"At the very least, it is good marketing for Vault and publicity for NSW to raise the awareness of the great investments that they are making in the local digital networks," he said.
"Certainly, as a sovereign provider with a longstanding and significant presence within CDCs Western Sydney facility and superfast interconnectivity to our Canberra environment, we are looking forward to supporting even more NSW Government services."
He argued that if one was only selling to government, then one should already be providing the best pricing for the whole of government.
"The only reasons for adapting these prices are factors that might enable suppliers to pass on reduced prices through economies of scale (greater volume) or improved certainty (increased term) or reduced risk (different terms than incur costs like insurance levels, etc), " he said. "We incorporate the benefits available from volume and term as rebates within our existing pricing structure to benefit all of government."
With the NSW Government deal, Vault became the first sovereign technology provider chosen by an Australian Government for such a role. Such awards have always been made to foreign companies.
The Coalition Government's Digital Transformation Agency has whole-of-government arrangements in place with AWS, IBM, Microsoft, Rimini Street, SAP and Concur.
Dawson said if one was selling to other sectors in addition to government and/or pricing in a foreign currency, where there were exchange risks, it could benefit both government and the provider to lock down a clear price for government-related purchases. "Unlike global providers, AUCloud prices in Australian dollars, so this is not relevant," he added.
He noted that the UK G-Cloud Marketplace had a condition that prices could only be reduced, and if they were reduced for one customer then that should extend to all future customers, which effectively created an on-going whole-of-government best price. "With all pricing available to both buyers and suppliers, this almost entirely removes the element of price discrimination and gaming that creates a desire for whole-of-government pricing," he explained.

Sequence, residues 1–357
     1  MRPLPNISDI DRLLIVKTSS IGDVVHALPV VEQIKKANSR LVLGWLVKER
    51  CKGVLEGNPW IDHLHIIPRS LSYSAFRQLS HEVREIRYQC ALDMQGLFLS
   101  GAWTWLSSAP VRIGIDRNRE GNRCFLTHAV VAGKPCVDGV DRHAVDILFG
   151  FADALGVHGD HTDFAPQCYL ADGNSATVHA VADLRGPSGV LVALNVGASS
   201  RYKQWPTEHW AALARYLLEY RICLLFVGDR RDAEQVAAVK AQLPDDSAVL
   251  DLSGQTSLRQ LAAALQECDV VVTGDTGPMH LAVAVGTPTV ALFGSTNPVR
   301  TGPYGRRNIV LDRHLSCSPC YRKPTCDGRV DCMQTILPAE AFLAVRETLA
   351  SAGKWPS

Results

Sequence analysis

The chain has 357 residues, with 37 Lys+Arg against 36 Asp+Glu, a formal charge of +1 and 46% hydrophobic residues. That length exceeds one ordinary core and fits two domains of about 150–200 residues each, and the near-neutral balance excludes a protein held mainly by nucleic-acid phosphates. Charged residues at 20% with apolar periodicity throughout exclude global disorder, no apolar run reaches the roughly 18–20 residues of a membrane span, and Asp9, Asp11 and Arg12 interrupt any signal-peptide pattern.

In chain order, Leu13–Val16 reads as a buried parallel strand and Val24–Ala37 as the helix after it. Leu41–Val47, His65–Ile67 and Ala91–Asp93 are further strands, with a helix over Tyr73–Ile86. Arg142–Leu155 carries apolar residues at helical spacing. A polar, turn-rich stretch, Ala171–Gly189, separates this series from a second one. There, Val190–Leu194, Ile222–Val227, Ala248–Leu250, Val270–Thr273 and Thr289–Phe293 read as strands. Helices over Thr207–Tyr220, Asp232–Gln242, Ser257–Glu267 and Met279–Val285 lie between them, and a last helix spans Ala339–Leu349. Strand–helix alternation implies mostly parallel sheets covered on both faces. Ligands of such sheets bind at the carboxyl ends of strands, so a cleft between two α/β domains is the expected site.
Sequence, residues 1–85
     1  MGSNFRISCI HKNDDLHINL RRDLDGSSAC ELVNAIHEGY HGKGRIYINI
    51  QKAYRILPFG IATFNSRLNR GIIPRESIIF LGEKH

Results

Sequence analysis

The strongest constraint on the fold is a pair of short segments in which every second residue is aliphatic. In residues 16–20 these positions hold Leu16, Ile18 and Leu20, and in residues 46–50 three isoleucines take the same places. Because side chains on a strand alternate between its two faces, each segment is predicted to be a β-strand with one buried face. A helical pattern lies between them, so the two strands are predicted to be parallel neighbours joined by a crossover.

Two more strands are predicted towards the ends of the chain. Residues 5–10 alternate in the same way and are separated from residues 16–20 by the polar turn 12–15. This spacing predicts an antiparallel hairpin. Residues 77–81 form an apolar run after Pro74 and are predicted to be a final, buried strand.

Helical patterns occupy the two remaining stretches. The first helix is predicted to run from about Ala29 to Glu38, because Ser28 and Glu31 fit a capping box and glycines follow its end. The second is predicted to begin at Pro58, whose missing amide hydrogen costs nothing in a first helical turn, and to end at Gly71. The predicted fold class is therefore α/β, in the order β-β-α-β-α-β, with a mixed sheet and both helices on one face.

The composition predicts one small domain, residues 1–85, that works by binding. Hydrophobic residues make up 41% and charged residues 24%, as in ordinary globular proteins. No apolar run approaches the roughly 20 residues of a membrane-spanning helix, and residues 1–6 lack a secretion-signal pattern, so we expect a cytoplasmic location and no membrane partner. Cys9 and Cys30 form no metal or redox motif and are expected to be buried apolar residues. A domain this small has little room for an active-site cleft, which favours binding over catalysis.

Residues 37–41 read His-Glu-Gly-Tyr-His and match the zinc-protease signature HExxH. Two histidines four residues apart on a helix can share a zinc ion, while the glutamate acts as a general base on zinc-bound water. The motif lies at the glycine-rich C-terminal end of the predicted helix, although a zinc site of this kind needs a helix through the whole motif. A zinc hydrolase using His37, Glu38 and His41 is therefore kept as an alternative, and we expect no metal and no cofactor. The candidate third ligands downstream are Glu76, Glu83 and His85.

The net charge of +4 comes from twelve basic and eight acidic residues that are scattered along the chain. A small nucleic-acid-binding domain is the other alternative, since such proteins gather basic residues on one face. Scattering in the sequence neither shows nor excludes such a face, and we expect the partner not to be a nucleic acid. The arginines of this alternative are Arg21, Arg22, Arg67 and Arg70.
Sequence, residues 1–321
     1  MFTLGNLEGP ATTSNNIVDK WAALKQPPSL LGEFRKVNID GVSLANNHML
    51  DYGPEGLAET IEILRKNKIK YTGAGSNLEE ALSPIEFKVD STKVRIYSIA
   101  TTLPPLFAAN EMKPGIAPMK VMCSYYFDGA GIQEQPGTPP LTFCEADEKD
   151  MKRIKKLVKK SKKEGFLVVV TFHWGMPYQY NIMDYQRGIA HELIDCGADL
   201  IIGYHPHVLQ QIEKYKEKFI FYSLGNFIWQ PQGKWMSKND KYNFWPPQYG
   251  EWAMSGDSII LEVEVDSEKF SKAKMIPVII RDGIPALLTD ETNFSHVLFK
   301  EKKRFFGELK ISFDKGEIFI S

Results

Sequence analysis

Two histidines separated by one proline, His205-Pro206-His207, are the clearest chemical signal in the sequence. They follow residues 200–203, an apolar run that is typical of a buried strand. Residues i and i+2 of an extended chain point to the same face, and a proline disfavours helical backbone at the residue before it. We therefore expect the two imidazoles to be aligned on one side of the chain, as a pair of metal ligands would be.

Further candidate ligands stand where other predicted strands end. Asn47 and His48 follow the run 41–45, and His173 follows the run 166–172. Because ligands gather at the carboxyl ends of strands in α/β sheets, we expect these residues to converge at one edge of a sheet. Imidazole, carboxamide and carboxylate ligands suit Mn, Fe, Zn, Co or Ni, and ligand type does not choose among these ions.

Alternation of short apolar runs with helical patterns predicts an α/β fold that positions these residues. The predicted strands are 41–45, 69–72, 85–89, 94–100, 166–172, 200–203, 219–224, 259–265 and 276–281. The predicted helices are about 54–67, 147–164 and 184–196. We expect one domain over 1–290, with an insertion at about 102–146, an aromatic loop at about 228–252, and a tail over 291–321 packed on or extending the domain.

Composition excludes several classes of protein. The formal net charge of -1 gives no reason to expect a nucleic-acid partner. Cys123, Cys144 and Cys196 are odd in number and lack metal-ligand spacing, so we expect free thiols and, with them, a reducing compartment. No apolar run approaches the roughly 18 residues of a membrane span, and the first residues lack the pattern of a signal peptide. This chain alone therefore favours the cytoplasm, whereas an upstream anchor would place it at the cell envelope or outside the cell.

Dawson said his view was that the whole-of-government schemes unintentionally created a market distortion by implicitly signalling to their staff that government favoured the vendor over others who could provide a similar product; this could have the effect of reducing competition and innovation. "I suspect that this is not the intention of NSW or even DTA, where similar vendors' agreements have been concluded, but, unfortunately, this can be the outcome," he said.
"However, and as outlined above, I would be happy to focus our attention on securing such an agreement except for two issues:
"Firstly, we already provide best pricing in Australian dollars to Australian Governments that are competitive with whole-of-government arrangements and, although it is not yet mandated, we adopt the principle that when we reduce pricing we do it for all customers immediately.
"Secondly, the majority of our services are sold through partners (global systems integrators, managed services providers, defence primes, software-as-service companies and cyber-security specialists) and consequently, the importance of a direct agreement would be less significant for government, except that we provide all such partners with the same pricing that we provide to government to ensure that government ultimately secures the benefit."